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'Drink of the gods' reintroduced in New York.

`Drink of the gods' reintroduced in NY

One of man's earliest and most celebrated libations, mead, has not been widely available in recent centuries. To fill that gap on the shelves, Wayne Thygesen and Bob Stevens began producing the honey-based liquor at their small meadery in Greenwich, New York, in October 1989. According to Thygesen, the company has produced 4000 gallons of their Odin's Mead since its inception, and sales have been strong. "We've been barely keeping up with demand," he reports, "so we're expanding into another building to increase production."

Odin's Mead is packaged in 750-ml bottles and averages 12 percent alcohol by volume. The mead is available in two versions, one sweet and one dry. Thygesen reports the meadery will begin looking for wholesalers soon.

"We're not ready yet," he says, "but once we get up to 10-20,000 cases we'll wholesale it out."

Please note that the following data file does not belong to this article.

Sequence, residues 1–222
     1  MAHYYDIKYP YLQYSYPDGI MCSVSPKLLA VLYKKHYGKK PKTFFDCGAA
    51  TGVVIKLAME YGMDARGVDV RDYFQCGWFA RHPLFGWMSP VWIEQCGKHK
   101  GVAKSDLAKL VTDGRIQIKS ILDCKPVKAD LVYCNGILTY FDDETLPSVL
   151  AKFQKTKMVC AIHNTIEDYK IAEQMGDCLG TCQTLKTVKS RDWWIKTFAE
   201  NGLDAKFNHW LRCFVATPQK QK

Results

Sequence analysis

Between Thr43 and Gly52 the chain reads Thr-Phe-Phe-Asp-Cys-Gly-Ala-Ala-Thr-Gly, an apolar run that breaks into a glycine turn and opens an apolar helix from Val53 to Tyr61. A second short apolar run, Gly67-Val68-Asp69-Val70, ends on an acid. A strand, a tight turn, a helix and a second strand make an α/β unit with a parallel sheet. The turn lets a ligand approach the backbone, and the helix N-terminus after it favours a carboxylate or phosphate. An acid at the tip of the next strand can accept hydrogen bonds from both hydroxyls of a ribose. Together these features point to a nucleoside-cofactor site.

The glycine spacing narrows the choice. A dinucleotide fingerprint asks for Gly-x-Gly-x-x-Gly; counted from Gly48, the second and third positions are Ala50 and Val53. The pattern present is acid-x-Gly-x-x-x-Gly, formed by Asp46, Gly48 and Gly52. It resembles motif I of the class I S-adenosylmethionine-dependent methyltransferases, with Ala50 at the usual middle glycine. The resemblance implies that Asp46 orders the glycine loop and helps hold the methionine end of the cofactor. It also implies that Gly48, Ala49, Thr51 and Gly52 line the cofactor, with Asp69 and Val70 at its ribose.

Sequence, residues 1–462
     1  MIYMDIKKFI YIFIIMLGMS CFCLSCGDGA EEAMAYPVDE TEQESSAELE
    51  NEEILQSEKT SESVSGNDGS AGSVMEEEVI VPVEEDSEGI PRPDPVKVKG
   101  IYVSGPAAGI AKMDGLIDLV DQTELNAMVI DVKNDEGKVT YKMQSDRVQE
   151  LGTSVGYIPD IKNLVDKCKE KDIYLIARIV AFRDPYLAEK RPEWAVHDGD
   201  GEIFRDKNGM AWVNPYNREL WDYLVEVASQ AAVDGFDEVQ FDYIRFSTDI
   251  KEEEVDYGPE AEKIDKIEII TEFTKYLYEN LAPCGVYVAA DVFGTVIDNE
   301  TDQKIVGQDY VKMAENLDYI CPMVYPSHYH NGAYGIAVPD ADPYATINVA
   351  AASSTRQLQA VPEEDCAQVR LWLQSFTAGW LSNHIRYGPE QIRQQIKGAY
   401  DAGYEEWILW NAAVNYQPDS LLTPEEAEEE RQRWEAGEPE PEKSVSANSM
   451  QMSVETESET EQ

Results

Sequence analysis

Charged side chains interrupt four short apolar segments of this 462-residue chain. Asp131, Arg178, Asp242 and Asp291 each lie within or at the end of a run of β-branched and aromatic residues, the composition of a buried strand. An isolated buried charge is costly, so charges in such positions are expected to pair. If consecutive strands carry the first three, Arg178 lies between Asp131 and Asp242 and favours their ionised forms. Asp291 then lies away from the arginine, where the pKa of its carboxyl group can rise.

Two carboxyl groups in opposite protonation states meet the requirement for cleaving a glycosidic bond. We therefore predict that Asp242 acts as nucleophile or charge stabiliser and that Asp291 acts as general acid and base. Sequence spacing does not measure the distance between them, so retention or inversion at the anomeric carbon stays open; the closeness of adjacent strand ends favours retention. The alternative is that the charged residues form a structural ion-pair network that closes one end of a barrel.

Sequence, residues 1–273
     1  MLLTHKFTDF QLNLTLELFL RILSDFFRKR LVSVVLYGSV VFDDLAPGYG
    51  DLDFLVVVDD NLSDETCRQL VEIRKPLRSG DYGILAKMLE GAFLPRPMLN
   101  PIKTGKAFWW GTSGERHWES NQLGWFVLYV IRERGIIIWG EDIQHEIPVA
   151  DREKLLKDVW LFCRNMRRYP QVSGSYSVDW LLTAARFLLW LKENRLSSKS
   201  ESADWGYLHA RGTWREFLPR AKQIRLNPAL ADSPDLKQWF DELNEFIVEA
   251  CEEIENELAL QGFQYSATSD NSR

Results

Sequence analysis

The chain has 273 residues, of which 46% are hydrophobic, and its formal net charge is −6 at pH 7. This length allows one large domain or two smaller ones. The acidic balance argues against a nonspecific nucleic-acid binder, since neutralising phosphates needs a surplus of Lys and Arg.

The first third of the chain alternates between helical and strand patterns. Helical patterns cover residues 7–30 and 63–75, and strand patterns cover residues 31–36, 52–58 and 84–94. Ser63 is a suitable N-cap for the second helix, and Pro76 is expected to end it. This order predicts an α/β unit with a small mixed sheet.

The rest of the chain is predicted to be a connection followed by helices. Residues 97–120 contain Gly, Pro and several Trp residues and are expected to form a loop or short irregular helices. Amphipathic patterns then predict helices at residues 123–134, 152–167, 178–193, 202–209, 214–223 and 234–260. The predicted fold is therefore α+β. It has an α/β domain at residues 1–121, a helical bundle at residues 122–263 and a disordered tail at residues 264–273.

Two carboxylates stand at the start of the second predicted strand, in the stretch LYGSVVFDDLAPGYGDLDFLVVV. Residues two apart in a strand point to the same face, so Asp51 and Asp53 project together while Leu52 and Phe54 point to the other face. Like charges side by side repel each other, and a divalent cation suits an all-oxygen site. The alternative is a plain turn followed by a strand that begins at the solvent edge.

As a historical footnote, honey-based liquors were used as a celebratory and sometimes sacred drink by many early cultures. The Norse used mead to drink toasts their gods and as a ceremonial accompaniment. The beverage also plays a role in the medieval epic poem Beowulf, composed in Anglo-Saxon dialect in 700 A.D.

When melted barley became widely available, this less expensive substitute was used in honey's stead, starting an ale-brewing tradition that supplanted its forebear.

An excellent history of mead was written by Lt. Col. Robert Gayre and Charlie Papazian. Brewing Mead includes commentary by Papazian on mead-brewing methods, and is published by Brewers Publications of Boulder, CO.
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Title Annotation:Odin's Mead produced in Greenwich, New York
Publication:Modern Brewery Age
Date:Jul 16, 1990
Previous Article:Coors, Stroh reach final agreement.
Next Article:U.S. barley crop 9.8% below 1989 figures, report indicates.

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